IRBIL, Iraq — Dozens of Islamic State militants wearing suicide vests penetrated Iraqi police lines in Mosul on Wednesday, officers said, setting fire to houses to obscure the area from U.S.-led airstrikes in a large-scale counterattack that sent terrified residents fleeing.
Starting around 3 a.m., the militants launched seven car bombs at the front lines south of the Old City, their last foothold, a federal police colonel said. Simultaneously, 25 fighters wearing suicide vests attacked police from behind their lines. Another police commander put the number of suicide attackers at 50.
The militants had sneaked down the Tigris River and attacked with the assistance of “sleeper cells,” which provided vehicles for them, according to the police colonel, who spoke on the condition of anonymity because of the sensitivity of the situation.
“They attacked our forces from behind while they were fighting against the car bombs,” he said, adding that the militants were lashing out in their “dying breath.”
After eight months of battle, Islamic State fighters have been penned into the narrow streets and alleyways of Mosul’s historic city center, as well as a small area around a hospital just to the north.
Iraqi and U.S. military officials estimate that up to 1,000 fighters may remain in the area of just over a square mile. Trapped in their former stronghold, they apparently see little choice but to fight to the death.
The colonel said the militants took over areas of the Dawasa and Dendan neighborhoods, setting fire to houses to protect themselves from airstrikes by the U.S.-led coalition. Photographs of the city showed thick clouds of black smoke hanging in the air.
Police forces managed to retake most of those areas by midmorning, while suffering casualties, he said, without giving a figure.
In a statement circulated online, the Islamic State claimed to have killed 40 in the attack, including a colonel, and destroyed eight vehicles. The Associated Press said 11 police officers and four civilians died.
Saeed Hassan, 41, said his family was eating a pre-dawn meal before their daily fast during the Muslim holy month of Ramadan in their home in Dendan when they heard a large explosion.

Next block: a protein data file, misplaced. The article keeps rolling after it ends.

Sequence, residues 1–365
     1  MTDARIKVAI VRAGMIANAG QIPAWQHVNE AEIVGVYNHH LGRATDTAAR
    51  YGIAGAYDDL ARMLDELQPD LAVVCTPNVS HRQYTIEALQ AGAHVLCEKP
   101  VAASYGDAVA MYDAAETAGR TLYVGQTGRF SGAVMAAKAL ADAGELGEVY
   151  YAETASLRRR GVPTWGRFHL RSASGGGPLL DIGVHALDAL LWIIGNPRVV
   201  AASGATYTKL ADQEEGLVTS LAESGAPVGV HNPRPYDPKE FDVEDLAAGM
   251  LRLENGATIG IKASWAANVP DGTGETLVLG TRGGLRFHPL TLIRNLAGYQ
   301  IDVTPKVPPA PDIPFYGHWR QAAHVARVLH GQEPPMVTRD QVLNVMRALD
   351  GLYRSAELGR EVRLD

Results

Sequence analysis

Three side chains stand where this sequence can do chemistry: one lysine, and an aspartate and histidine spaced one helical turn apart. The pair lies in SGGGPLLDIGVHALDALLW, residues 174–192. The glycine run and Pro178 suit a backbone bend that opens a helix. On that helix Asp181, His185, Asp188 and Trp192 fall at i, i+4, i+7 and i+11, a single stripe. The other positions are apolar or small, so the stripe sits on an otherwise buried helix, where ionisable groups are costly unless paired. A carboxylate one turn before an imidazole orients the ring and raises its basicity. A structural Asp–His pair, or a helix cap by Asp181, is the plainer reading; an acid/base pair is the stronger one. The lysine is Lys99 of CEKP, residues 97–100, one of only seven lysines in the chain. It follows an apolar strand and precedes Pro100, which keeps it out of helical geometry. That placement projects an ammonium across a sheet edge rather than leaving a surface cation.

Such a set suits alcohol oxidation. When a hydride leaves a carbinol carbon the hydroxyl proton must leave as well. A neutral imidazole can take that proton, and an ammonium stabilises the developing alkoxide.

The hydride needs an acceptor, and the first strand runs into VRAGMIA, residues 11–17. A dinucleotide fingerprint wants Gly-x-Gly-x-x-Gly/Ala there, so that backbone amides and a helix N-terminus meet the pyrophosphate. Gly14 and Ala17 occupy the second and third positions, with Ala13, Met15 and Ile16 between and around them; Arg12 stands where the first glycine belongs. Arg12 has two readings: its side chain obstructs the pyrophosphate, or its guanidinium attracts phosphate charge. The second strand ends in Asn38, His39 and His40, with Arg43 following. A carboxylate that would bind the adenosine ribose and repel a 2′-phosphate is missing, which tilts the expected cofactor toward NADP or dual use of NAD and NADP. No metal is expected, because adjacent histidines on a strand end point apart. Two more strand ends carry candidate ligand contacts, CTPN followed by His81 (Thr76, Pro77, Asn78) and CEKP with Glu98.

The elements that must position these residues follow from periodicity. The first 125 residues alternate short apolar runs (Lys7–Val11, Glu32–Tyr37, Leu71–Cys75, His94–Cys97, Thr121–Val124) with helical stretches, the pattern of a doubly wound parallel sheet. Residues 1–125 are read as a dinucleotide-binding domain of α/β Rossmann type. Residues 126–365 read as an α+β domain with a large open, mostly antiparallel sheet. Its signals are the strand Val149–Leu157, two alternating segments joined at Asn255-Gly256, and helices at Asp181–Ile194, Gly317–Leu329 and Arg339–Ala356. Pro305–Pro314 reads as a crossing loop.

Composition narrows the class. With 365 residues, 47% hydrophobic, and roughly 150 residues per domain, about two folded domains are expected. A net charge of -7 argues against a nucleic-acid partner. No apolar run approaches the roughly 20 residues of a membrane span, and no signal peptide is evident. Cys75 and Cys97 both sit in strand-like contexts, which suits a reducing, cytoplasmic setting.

As the explosions grew louder and closer, the family realized that the militants had entered the neighborhood and hid under the stairs. Hassan’s house is next to a police base, and he said officers were fighting from his doorstep and the roof of the house next door.
After an hour of clashes, the militants reached his mosque, and police forces decided to retreat. Hassan had been providing food for their forces, and he feared he would be killed by the militants if he stayed.
“When I heard them yelling, ‘Let’s retreat,’ I told them, ‘I’m going to start my car and go with you,’ ” he said. “It was a very scary scene outside — dark and fire around us.”
He followed the police Humvees as they withdrew to the airport, on the edge of the city. He said that seeing them rush to their vehicles and withdraw gave him “flashbacks” to 2014, when security forces abandoned the city to Islamic State militants with little fight.
According to neighbors hiding in their houses, police forces have not returned to the streets, and it was unclear whether the militants have withdrawn, Hassan said. He said he will not return home until the Islamic State has been expelled from all of western Mosul.
Brig. Gen. Faris Radhi, director of the operations room at the federal police headquarters south of Mosul, said the Islamic State attack involved 50 suicide bombers, but he denied that his forces had lost ground.
“Clashes are ongoing,” he said. Iraqi forces and the U.S.-led coalition are “hunting them one by one,” he said. “The enemy has used the last card in this attack, which means this is the best they can do.”
Col. Ryan Dillon, a spokesman for the U.S. military in Baghdad, said the coalition was supporting Iraqi forces to fight off the counterattack. “No ground has been lost,” he said. Iraq’s Joint Operations Command confirmed that Islamic State fighters infiltrated at dawn along the river. Police forces “surrounded the area” and have begun clearing it, a statement said.
The federal police commander, Lt. Gen. Raed Shaker Jawdat, further played down the incident. He described it as a “tactical operation” by police forces aimed at drawing militants out of the Old City and into the secured area of Dendan so that they could be killed.